Last year was a nightmare for investors. But the main benchmarks of Hong Kong and mainland China gave investors plenty of love in the first month of the new year.
Hong Kong’s Hang Seng shot up 8 per cent in January, after suffering a loss of 15 per cent over all of last year.
On Thursday, the Hang Seng closed at the highest level in four months – 27,942.47, or a 1.1 per cent gain.
Meanwhile, the Shanghai Composite Index was up 3.6 per cent in January. Last year, it was the world’s worst performing market – down by 25 per cent. It closed on Thursday up 0.4 per cent, like the Hang Seng closing out the month on a positive note.
Mainland China markets did so well in January that the country reclaimed its title as home to the world’s second-largest stock market, wresting the title from Japan.
Of course, there is no telling whether markets can keep the pace.
January of 2018 started off strong for the Hang Seng – which went up nearly 10 per cent – and the Shanghai Composite – which rose 5.7 per cent.
Then, well, there was the US-China trade war. And Federal Reserve rate increases. And China’s economic slowdown. And internet giant Tencent’s fall as China cracked down on gaming.
Right now, local traders have been focused on the trade war. China and US officials are scheduled to wrap up two days of trade talks on Thursday Washington time. Traders in Hong Kong and the mainland may well wake up to market-moving news.
But on Thursday, traders were reacting positively to the US Federal Reserve keeping rates steady as well as to the official gauge of China’s manufacturing activity that came in better than expected.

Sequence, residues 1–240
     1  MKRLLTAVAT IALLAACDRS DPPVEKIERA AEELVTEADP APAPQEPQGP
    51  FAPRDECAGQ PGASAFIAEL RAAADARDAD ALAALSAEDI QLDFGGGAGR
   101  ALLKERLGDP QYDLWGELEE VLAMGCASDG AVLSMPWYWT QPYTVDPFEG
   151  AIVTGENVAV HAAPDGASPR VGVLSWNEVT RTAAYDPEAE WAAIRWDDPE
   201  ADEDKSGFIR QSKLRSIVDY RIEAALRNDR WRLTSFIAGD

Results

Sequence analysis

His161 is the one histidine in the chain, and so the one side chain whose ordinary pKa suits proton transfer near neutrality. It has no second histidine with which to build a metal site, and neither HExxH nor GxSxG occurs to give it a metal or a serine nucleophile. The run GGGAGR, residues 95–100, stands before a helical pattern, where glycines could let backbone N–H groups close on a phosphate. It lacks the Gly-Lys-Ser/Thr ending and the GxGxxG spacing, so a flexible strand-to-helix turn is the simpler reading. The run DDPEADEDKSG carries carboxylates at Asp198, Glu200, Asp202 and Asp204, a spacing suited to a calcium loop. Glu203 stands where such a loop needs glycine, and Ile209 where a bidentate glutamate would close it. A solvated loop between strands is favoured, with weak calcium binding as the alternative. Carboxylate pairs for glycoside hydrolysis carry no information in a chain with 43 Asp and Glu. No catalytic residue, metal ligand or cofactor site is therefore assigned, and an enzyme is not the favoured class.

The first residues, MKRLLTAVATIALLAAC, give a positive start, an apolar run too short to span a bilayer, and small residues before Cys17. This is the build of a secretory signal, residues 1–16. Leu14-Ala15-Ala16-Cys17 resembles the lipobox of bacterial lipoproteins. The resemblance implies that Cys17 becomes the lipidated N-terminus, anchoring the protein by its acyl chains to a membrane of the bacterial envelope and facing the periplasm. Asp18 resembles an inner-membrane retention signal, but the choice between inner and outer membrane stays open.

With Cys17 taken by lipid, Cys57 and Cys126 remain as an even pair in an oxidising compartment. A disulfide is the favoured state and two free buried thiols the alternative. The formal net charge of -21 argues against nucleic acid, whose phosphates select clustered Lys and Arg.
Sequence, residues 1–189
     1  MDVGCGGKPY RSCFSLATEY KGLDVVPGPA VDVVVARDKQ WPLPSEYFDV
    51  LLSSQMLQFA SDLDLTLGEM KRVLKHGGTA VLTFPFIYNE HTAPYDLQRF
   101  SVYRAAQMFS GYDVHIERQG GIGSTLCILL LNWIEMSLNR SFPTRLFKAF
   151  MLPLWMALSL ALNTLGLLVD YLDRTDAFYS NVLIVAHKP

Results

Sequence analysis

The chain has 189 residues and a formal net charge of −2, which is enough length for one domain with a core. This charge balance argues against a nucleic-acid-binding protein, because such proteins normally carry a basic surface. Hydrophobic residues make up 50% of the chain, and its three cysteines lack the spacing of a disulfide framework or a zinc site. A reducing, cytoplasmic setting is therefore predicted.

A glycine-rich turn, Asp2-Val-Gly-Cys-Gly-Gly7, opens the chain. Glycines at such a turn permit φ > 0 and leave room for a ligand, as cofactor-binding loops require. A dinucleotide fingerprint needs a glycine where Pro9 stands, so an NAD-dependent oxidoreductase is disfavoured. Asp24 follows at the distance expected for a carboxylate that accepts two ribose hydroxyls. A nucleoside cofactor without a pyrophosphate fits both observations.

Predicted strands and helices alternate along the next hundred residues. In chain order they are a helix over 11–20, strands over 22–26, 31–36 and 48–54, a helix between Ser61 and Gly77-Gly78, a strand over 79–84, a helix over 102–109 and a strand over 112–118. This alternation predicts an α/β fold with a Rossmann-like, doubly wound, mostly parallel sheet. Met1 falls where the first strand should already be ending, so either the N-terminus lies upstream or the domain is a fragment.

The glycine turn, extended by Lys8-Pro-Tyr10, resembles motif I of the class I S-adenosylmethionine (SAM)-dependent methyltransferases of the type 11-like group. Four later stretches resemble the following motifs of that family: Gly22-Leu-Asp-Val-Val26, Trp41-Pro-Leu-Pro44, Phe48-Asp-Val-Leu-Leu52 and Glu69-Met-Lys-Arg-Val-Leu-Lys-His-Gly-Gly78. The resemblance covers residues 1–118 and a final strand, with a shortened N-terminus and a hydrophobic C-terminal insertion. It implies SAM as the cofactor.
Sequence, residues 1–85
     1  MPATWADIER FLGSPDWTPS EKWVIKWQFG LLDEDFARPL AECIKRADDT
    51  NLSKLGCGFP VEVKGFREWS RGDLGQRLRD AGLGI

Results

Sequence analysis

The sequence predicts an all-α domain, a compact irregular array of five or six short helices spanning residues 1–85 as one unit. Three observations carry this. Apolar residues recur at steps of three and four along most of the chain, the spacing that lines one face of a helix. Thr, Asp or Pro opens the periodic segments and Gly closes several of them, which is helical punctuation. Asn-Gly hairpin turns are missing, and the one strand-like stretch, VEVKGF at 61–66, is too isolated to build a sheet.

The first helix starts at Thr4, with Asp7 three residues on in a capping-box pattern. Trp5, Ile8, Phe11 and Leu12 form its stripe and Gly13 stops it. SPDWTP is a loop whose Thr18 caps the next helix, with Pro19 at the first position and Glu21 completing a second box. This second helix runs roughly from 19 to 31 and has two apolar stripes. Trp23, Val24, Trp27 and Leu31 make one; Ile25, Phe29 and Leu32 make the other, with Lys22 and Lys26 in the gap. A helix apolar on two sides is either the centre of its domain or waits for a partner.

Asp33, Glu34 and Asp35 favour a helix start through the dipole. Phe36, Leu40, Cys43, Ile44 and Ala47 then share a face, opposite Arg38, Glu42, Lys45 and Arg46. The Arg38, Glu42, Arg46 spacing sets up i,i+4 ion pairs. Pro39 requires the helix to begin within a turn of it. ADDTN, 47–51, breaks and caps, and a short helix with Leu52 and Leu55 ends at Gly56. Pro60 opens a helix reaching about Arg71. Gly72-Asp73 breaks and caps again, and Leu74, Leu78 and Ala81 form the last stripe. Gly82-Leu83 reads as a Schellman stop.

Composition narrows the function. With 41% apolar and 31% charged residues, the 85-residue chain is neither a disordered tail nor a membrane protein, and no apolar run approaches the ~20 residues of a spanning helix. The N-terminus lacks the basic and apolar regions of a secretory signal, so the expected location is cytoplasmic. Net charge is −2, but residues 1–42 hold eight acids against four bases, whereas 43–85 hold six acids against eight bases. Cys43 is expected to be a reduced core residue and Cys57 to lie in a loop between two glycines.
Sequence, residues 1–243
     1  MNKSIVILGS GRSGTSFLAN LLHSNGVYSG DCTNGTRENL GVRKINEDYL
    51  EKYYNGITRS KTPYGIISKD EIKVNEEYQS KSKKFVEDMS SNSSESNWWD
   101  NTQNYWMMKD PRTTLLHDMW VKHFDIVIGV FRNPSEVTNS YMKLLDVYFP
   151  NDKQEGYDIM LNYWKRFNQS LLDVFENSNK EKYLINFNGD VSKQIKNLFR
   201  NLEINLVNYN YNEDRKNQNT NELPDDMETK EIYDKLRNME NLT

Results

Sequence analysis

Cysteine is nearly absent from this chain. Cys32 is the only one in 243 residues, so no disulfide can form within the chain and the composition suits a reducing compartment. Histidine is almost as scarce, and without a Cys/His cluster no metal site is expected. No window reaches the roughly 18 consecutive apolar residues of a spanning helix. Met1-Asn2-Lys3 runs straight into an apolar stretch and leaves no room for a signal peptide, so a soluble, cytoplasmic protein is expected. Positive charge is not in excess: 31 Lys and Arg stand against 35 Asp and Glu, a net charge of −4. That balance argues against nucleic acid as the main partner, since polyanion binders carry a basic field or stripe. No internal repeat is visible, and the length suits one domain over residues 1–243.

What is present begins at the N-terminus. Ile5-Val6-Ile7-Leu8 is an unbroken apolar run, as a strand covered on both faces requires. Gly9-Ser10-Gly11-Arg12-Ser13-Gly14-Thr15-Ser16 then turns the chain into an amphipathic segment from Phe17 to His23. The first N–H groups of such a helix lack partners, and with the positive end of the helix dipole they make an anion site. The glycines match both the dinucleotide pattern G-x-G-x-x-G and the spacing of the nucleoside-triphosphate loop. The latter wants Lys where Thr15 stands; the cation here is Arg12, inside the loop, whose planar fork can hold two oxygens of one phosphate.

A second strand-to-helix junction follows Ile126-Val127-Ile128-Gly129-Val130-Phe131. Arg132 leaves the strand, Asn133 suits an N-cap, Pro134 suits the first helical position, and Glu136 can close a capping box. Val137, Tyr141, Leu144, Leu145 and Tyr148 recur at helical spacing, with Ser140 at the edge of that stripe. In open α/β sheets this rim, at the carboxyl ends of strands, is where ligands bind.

Tencent, the most heavily weighted stock on the Hang Seng, gained 0.5 per cent to HK$346.00. The Chinese internet firm has soared 11 per cent in the past month.
Sunny Optical Technology, a smartphone component manufacturer, surged 3.3 per cent to HK$77.10. AAC Technologies, which supplies acoustic components to Apple, also rose 1.3 per cent to HK$48.50.
The Hang Seng China Enterprises Index, known as the H-shares index, gained 1.3 per cent to 11,035.73.
Property developers also rose after the Fed showed a cautious approach toward future rate increases on Wednesday Washington time. Hang Lung Properties gained 1.5 per cent to HK$17.10. Swire Properties climbed 2.5 per cent to HK$30.50.
“The US Fed’s decision was expected by the market,” the Hong Kong Monetary Authority, the city’s de facto central bank, said in a statement. “We note that the Fed is adjusting their views on the pace of interest rate increase and progress of balance sheet reduction. We believe the Fed would continue to take into account factors such as US inflation and economic situation in determining its policy rate level.”
Hong Kong department store operator The Sincere Company soared 26.3 per cent to 20 Hong Kong cents, before it suspended share trading in late morning trade. The company did not explain the reason for the suspension.
Meanwhile, in China, government statistics showed the country’s manufacturing Purchasing Managers’ Index (PMI) for January was 49.5, slightly better than December’s 49.4 and higher than a previous forecast of 49.3 in a Reuters survey of analysts.
But it was the second month the figure stayed below the 50-mark that separates expansion from contraction.
Among other indexes, the large-cap CSI300 rose 1.1 per cent to 3,201.63. The Shenzhen Component Index reversed losses and inched up 0.1 per cent to 7,479.22. The start-up board index ChiNext edged 0.2 per cent lower at 1,227.99.
Elsewhere in Asia, Japan’s Nikkei 225 rose 1.1 per cent to close at 20,773.49. Australia’s S&P/ASX 200 and South Korea’s Kospi dropped 0.4 per cent and 0.1 per cent to 5,864.70 and 2,204.85 respectively.
Additional reporting by Enoch Yiu
This article Hong Kong’s Hang Seng delivers a terrific January – with an 8 per cent gain first appeared on South China Morning Post
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